Discover more from Verichains
Verichains Weekly Security Digest | April 2023 Week 2
In this installment of Verichains Weekly Digest, we will walk readers through the process of Verichains Responsible Vulnerability Disclosure as well as it's value proposition. For last week’s incidents, the DeFi market was hacked for over $20 million.
Verichains Security Advisory
As Verichain's wait period is in effect for affected vendors to remedy their products from our key extraction attacks disclosure, it is crucial to understand Verichains' standard procedure for handling vulnerability disclosures. When a vulnerability is discovered, our security researchers reproduce it in a controlled environment (a proof of concept, or PoC), this enables the researchers to assess the severity and level of impact of the vulnerability without affecting the product.
Once the vulnerability is confirmed via the PoC, we will prepare and deliver a ‘vulnerability disclosure’ notification to the affected vendor. Vendors may receive the disclosures through a few different channels, such as a bug-bounty program, a dedicated vulnerability disclosure program/policy, or directly to their security inbox. Verichains also takes an additional security step, by encrypting the PoC in our transmission and this is to prevent unauthorized parties from viewing the vulnerability. Furthermore, Verichains maintains confidentiality and does not share our findings, including the PoC, with any third parties. All communication between us and the affected vendor is privileged to ensure the security of their vulnerable product.
Upon receiving the disclosure, the affected vendor acknowledges the notification and begins their internal review and verification of PoC. Simultaneously, the vendor can initiate their existing security procedures to ensure the proper management of the disclosed vulnerability.
The value proposition for the vendor is clear, they were made aware of a vulnerability in their product, before any exploitation can take place. Vendors can work with Verichains to receive additional information and assistance in fixing the vulnerability or perform the fix themselves if they have the technical capability. By working with the Verichains, the vendor can quickly patch the vulnerability, and to mitigate against the potential loss of funds, business disruption, or reputational damage resulting from exploitation.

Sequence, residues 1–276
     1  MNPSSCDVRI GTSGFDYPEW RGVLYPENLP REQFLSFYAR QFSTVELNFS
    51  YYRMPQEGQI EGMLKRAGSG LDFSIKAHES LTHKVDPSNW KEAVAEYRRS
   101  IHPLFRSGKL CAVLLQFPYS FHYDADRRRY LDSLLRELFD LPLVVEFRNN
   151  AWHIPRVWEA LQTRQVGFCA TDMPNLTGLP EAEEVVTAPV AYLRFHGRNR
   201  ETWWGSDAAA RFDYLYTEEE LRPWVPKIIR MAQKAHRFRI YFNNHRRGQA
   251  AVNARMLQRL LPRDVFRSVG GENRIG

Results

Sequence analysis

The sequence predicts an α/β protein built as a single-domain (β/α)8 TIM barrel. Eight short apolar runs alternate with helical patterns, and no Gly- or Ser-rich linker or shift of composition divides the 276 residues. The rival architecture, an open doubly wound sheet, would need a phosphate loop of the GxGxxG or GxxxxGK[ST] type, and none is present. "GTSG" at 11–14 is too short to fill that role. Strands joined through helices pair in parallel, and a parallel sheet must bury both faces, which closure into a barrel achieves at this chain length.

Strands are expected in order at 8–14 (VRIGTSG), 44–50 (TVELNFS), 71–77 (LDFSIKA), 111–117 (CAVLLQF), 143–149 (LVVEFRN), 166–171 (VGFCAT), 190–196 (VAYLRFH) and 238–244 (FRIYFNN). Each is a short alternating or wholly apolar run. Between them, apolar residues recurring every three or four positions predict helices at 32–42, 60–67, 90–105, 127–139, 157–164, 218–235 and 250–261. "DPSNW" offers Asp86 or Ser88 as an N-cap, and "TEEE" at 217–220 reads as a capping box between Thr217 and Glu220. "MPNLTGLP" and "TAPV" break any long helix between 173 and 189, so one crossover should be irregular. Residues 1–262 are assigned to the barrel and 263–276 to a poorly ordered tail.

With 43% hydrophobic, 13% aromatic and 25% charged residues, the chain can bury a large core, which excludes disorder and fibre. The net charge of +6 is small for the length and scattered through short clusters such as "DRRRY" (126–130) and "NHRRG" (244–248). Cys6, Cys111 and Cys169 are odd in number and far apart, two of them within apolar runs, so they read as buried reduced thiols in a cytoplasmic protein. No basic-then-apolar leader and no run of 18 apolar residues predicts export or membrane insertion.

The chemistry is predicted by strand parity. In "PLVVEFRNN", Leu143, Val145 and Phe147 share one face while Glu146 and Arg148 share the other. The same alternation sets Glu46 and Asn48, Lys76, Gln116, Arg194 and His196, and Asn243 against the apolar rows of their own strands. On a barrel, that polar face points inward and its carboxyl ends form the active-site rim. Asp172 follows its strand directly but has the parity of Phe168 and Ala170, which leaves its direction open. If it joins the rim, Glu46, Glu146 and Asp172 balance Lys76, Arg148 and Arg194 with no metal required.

During this time, Verichains 120-day waiting period is in affect, allow the for the vendor plenty of time to patch the vulnerability. After the vendor has patched the vulnerability and/or the waiting period has lapsed, Verichains will publish the details of the vulnerability in a public disclosure through our Security Advisory, which you can reference here:
To discover how Verichains can help your security efforts, contact us via email@example.com
Last Week’s Incidents
🚨Project: MEV bot
💥Type: Front-run, sandwich attack
💸Loss amount: $20 million
Similar to the SafeMoon hack in last digest, another MEV bot was hacked for a monumental $20 million in just one block. The attack was seemingly carried out by a validator who inserted their transaction, allowing them to steal funds from the MEV bot that was trying to front-run. Front-running involves placing a transaction ahead of others to gain an advantage and exploit price differences.
🚨Project: Sushi Swap
⛓️Chain: Ethereum, Polygon, Arbitrum, Avalanche, BSC, etc.
💥Type: Access Control
💸Loss amount: $3.3 million
Last week, the DeFi market suffered 2 major hacks with the first one costing $3.3 million on Sushi Swap, a well-known decentralized exchange. The vulnerability was found in the RouteProcessor2 contract, which includes a function called processRoute that handles off-chain generated routes for swapping tokens.
The vulnerability was caused by a lack of proper access control in the processRoute function, allowing a malicious user to exploit it. The attacker was able to swap any token through the router by calling the processRoute function and passing in a victim's address. As a result, the balances of the victim's tokens, specifically the BUZZ token, were transferred to the hacker's address, effectively draining the victim's account.
This unauthorized access and transfer of tokens by the hacker was made possible due to the lack of proper access controls in the vulnerable function, allowing them to exploit the approval granted by users when initiating swaps, and manipulate the balances of the victim's tokens.
💸Loss amount: ~$1 million
Another $1 million was also stolen in a DeFi protocol called Sentiment in an attack that exploited the view re-entrancy bug. The attackers took a flashloan, changed rates, and called the "exitPool" function to execute malicious code before pool balances were updated. This allowed them to overprice their collateral and borrow and withdraw more assets from the Sentiment pool than they should have been able to. By manipulating the values of the balances and total supply in the Sentiment pool, the attacker executed a collateral manipulation attack, stealing money from the protocol.
In the latest update, Sentiment had successfully negotiated with the attacker to return 90% of the hacked fund, keeping 10% as a white-hat fee.